Here are some of the factors you and your surgeon will need to consider:

Advantages of FUE

No linear scar – FUE has the benefit of avoiding the linear scar left by FUT. Individual follicular units are taken, leaving only tiny dot scars which are barely noticeable to the naked eye. This makes it good for those who wish to return quickly to strenuous activity.

Ability to wear hair short – Because of this minimal scarring FUE is particularly suitable for people who like to keep their hair short, such as a number 1 or number 2 haircut. Even a number 0 cut is possible.

Good for relatively small transplants – FUE may be suitable for younger patients or those who only require a relatively small number of grafts in the hairline.

Advantages of FUT

Good for patients requiring a large number of grafts – FUT typically provides a higher yield of hair than FUE – an advantage if the patient’s main goal is to achieve maximum fullness from the hair restoration.

No need to shave the whole head – With the FUT technique existing hair can be kept long -and indeed will be used to cover up the linear scar.

Shorter time in surgery – The FUT process usually takes between 4 and 12 hours depending on the size of the recipient area and the number of grafts that need to be transplanted. This is significantly shorter than FUE, which can require extracting up to 2,000 grafts and might take 10 hours – or in some cases might need more than one day in surgery.

Lower cost – FUT is often less expensive than an equivalent FUE procedure.

Both FUT and FUE procedures are virtually painless and require only a local anaesthetic.

What is the cost difference between FUE and FUT procedures?

Because of the longer time needed in surgery and the technically demanding nature of the procedure, FUE tends to be more expensive than FUT.
At The Maitland Clinic a scalp to scalp FUE transplant is priced at £5 per graft, compared to FUT which costs £4 per graft for the first 1000 grafts and then drops to as low as £2 per graft for larger procedures. See more detailed pricing here.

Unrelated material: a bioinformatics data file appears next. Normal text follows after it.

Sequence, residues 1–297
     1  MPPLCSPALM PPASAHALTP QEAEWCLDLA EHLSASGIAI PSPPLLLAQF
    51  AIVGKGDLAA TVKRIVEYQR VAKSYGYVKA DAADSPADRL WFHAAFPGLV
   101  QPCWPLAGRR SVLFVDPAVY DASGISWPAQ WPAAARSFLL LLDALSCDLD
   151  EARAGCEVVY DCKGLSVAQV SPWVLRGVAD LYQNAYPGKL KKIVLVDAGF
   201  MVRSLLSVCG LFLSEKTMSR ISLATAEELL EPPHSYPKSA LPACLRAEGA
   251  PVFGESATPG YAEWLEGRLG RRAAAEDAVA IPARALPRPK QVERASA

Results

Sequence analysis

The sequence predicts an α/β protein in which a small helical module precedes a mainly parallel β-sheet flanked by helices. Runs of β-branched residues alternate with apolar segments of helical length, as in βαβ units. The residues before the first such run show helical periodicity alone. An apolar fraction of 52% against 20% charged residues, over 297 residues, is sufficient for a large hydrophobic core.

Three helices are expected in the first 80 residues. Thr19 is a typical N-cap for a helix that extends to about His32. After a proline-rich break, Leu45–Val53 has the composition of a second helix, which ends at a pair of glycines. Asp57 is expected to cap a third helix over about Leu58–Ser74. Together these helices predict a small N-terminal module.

However – it is important not to choose a procedure based on cost alone. It is critical to select the hair restoration method that will produce a natural-looking result for you. A hair transplant needs to last your whole life – and choosing an inappropriate procedure in an attempt to save money is always a false economy.

What is the difference in results between FUE and FUT?

All hair transplants require technical skill – but they also require a degree of artistry. The surgeon must pay attention to the angle, density and positioning of grafts – and must also be sensitive to the patient’s looks, shape of face and skull and general appearance. This applies equally whatever the kind of procedure.

What is the difference between FUT and FUE hair transplants

The Maitland Clinic is led by Dr Edward Ball, acknowledged as one of the leading hair restoration surgeons in the world. Dr Ball insists on getting to know his patients before their procedure, making sure he provides a procedure that will give each one a natural look, and a hair transplant that will last them through their lifetime.

At The Maitland Clinic we have an excellent record of successful FUT and FUE hair transplant procedures. See more images in our Results gallery here.
To arrange a consultation please contact us, or call on 0800 612 6076.